It is common knowledge that tastes change and trends come and go. Often children reject what their parents and grandparents adored – no matter whether it makes sense to or not. Floor coverings are a good example: In the 1950s, manufacturers invented the first carpets that could be permanently fitted and thanks to new materials and the widespread availability of vacuum cleaners it was also easy to clean them. Architects immediately fell in love with these carpets. And in combination with the underfloor heating that was installed in many households from the 1970s onwards they formed an unbeatable duo. Who needed furniture when they could lie instead on something so velvety smooth and warm.
In the cool 1980s and stylish 1990s by contrast, carpeting was suddenly a no-go for the home. It was replaced by parquet which experienced a veritable revival. Then in the new millennium wooden or concrete floors were the ultimate in good taste. But somehow the desire for coziness got a fairly raw deal. Now given the current striving for more of that warm feeling whether at home or in hotels wall to wall carpeting is experiencing a comeback – it does have advantages after all. Its diversity for one thing: That not only goes for the truly bewildering wealth of colors it also comes in a wide range of grades. But that is by no means everything: Carpeting boasts many qualities; it can bind dust, makes for good acoustics, warm feet and a pleasant room climate and evokes emotions. For example, in strong shades it is a real eyecatcher and is capable of creating the basic mood in a room.
Carpets as eyecatchers
A current example of this is the new showroom of bag label MCM in Munich whose look was created by the Berlin based avant-garde interior designers from Gonzalez Haase AAS. The royal blue carpet is so intensive that is almost overshadows the remaining decor. The architects opted for a densely structured and elegant shining contract velour. They combine the soft carpet with a dark color render with a coarse surface that used to be a popular choice for the walls of stairwells. This combination of starkly contrasting textures and colors produces a totally new spatial impression that gives carpeting an exciting new touch.
When it came to styling the show apartment of Milan furniture maker Cor in Milan interior designer Peter Kräling from kräling_lübke went for a much cozier look. In addition to a striking brass floor he had different carpets fitted in the apartment in Brera district. This allowed him to create a calm and relaxing atmosphere – even when there are many guests. In the large entree there is a velour carpet that changes from pale pink to red depending on the light forms a finely balanced contrast to the flame red walls. In the salon Kräling had a classic ribbed carpet fitted in mid brown. Here the walls are in a brick red. This experimentation with color nuances produces a highly varied look that alters from one room to the next without the overall color scheme appearing disjointed. The wide range of different shades and surface looks offered by carpeting makes it an ideal choice for this new kind of design in which degrees of color unite and distinguish.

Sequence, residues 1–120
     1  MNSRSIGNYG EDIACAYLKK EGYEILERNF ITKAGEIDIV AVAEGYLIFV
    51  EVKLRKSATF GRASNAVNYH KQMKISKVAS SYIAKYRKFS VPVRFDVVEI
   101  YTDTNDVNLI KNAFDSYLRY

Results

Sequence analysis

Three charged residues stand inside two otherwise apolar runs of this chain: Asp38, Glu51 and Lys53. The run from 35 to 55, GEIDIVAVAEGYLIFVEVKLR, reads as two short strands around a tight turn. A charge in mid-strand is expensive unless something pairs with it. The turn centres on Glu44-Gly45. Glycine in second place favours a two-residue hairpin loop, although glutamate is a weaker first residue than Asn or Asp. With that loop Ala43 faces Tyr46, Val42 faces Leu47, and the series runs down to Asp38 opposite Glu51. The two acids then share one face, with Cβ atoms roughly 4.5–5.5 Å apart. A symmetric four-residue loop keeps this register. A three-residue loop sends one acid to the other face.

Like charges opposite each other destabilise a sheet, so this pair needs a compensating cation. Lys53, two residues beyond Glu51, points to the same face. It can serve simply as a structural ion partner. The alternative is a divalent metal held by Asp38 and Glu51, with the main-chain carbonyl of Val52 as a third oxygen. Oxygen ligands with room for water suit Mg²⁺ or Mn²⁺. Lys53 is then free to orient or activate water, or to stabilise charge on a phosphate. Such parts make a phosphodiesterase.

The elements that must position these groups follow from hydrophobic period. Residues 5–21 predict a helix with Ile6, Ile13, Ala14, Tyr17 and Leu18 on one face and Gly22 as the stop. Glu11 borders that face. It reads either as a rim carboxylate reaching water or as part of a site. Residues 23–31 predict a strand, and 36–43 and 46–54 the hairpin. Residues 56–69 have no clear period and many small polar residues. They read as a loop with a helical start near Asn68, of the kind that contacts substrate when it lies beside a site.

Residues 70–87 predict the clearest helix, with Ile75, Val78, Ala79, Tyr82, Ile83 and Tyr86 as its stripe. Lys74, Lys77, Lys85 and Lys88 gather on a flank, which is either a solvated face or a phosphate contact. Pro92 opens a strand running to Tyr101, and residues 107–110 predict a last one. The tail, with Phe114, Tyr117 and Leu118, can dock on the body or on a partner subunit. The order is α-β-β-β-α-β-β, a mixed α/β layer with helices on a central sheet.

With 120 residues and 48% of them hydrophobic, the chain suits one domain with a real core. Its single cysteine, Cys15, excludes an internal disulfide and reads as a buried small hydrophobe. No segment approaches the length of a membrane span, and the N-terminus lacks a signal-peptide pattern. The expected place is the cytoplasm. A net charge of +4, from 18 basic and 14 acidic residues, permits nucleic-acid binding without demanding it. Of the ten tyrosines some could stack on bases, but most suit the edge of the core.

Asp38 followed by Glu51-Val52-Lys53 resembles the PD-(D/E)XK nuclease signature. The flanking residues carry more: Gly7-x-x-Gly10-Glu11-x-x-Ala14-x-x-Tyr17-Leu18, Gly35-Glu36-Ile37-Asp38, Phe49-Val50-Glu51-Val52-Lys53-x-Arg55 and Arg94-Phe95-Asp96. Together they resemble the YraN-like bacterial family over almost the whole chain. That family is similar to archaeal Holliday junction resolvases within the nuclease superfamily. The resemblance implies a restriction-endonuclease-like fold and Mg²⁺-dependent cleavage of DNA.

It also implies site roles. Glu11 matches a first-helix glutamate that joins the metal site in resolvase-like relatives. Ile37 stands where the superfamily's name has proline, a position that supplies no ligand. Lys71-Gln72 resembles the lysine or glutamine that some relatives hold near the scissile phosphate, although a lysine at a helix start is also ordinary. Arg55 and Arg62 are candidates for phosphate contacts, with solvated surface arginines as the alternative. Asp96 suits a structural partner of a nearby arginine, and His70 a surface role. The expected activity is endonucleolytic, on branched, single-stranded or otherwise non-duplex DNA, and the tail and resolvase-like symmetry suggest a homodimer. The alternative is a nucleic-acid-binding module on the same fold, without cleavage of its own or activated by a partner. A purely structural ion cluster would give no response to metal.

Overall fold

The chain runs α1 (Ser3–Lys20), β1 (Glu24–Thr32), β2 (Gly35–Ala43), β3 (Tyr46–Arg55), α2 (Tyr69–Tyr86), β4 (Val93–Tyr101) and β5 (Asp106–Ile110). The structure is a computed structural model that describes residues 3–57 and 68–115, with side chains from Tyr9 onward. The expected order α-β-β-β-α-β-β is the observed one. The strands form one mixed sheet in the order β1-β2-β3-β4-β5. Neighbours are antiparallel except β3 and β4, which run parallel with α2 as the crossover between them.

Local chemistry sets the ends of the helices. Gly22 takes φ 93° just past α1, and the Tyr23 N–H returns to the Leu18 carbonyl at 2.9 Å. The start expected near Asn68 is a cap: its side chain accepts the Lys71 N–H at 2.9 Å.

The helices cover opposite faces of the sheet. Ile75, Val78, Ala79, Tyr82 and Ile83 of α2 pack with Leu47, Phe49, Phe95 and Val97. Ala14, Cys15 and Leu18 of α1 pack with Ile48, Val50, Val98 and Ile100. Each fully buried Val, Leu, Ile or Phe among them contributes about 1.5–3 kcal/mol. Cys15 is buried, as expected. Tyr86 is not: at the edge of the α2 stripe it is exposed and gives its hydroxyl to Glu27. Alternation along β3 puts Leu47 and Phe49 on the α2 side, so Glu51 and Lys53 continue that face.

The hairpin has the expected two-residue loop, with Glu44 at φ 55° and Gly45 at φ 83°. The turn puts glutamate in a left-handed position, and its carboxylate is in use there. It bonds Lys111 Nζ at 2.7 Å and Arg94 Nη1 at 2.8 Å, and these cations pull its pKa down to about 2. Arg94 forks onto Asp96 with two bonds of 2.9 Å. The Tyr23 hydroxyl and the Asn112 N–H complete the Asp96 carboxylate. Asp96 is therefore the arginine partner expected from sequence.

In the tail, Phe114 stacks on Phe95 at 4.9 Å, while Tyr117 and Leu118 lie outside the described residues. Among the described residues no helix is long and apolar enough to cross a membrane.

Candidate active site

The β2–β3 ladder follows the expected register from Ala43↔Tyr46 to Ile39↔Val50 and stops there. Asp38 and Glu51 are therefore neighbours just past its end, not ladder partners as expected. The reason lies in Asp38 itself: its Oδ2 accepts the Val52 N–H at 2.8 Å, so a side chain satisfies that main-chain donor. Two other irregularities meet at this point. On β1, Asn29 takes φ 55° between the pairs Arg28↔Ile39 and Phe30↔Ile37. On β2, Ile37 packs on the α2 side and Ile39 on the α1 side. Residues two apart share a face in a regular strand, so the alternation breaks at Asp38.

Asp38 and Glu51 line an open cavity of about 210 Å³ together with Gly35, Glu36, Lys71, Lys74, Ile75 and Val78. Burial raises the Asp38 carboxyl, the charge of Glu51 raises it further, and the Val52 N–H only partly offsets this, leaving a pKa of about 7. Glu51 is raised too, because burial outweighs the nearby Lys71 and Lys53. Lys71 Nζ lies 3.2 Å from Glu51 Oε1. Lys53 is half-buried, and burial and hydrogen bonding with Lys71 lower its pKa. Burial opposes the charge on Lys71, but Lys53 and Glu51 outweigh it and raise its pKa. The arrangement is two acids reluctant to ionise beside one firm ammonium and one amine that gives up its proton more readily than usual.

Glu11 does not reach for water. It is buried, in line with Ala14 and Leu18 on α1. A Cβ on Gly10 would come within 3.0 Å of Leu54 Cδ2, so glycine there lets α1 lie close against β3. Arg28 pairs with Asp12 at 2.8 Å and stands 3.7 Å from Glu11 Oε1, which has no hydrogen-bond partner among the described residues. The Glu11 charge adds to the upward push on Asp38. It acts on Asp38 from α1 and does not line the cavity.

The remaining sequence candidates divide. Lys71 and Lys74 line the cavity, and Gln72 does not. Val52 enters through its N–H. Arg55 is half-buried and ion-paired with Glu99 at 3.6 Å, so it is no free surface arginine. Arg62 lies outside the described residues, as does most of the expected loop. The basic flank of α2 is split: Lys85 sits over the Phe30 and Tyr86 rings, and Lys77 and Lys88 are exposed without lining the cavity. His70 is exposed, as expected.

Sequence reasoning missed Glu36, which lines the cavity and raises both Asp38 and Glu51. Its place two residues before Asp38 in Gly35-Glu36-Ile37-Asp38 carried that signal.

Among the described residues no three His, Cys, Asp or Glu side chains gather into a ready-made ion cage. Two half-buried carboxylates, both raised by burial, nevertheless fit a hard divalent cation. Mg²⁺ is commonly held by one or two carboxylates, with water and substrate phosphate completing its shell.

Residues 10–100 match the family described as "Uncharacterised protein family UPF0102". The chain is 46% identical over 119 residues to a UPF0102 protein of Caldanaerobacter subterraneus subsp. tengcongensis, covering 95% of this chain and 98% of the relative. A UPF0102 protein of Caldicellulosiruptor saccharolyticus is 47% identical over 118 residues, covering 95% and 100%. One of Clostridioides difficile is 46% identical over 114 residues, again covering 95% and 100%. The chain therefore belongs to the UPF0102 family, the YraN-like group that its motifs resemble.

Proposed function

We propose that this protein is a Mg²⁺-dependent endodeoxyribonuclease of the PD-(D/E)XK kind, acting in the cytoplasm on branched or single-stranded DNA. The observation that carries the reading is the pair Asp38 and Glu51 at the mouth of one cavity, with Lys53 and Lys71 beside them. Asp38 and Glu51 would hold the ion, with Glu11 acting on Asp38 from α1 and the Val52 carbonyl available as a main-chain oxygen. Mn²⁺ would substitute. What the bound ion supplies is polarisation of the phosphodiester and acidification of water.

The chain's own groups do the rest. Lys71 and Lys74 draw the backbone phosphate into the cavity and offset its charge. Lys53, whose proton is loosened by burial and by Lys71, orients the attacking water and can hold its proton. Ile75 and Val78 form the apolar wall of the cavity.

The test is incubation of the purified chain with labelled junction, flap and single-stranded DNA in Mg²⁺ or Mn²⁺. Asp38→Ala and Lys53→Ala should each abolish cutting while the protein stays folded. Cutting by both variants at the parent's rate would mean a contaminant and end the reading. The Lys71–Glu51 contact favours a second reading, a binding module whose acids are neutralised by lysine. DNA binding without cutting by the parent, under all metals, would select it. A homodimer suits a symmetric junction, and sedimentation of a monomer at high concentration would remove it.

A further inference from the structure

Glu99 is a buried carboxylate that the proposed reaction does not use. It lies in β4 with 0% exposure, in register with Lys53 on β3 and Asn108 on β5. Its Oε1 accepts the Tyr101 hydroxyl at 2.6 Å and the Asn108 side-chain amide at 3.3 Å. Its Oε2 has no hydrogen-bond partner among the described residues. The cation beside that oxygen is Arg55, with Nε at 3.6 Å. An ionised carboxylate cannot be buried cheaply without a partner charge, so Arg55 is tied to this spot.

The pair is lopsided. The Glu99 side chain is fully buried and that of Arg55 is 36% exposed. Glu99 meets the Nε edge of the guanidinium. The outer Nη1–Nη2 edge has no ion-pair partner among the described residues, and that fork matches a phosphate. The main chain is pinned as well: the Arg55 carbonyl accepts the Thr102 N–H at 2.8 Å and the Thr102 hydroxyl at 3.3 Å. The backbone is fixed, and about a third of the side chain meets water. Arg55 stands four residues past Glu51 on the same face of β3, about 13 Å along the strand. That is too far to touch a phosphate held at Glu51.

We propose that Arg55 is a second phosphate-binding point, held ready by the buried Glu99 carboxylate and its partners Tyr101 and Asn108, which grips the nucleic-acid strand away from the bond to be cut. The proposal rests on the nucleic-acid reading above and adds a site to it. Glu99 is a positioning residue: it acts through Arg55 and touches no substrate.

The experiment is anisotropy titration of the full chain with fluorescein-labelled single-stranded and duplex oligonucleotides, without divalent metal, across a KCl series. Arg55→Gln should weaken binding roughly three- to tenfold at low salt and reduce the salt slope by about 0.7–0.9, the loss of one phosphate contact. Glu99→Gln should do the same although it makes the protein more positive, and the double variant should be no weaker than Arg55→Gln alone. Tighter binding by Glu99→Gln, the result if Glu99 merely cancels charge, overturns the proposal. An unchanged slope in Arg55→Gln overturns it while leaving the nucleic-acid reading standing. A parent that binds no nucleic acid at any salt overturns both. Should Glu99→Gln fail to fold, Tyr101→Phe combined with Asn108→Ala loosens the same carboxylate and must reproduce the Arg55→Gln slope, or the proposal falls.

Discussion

In the 25hours Hotel in Langstrasse, Zurich Werner Aisslinger proved that carpets are also an excellent means of providing orientation. For the corridors of the different levels he designed three different patterns in three different colors: On the levels one, two and three there are rhombus and arrow-shaped carpet tiles whose nuances range from black via yellow, green, blue and red through to white. On levels four and five the hexagonal carpet tiles have a close resemblance to tiled flooring. As for the top two levels their floors have a plain, graphic appearance featuring blue, gray, beige and black tiles. Not only do he subdued colors convey calm and sophistication but also a sense of visual depth. Though used to date primarily in hotels and offices carpet tiles are also a good option for the home: Should a glass of red wine fall off your coffee table or an accident happen in a child’s bedroom there is no need to throw out the entire carpet as individual tiles are easily replaced.
In other words, there are lots of good reasons to critically revisit any prejudices against carpets you might have. Given that the qualities of mid-century and 1970s furniture has been rediscovered in recent years why should carpeting not also be given a second chance? DOMOTEX, the world's leading trade fair for carpets and floor coverings, which will be opening its doors again in Hanover from 10 to 13 January 2020, is a good opportunity to do so.
Domotex 2020 - world’s leading trade fair for carpets and floor coverings
Friday, January 10th – Monday, January 14th, 2020
Daily 9.00 am to 6.00 pm
Secure one of 50 free tickets for the Domotex fair. Enter the ticket code n3zdm here.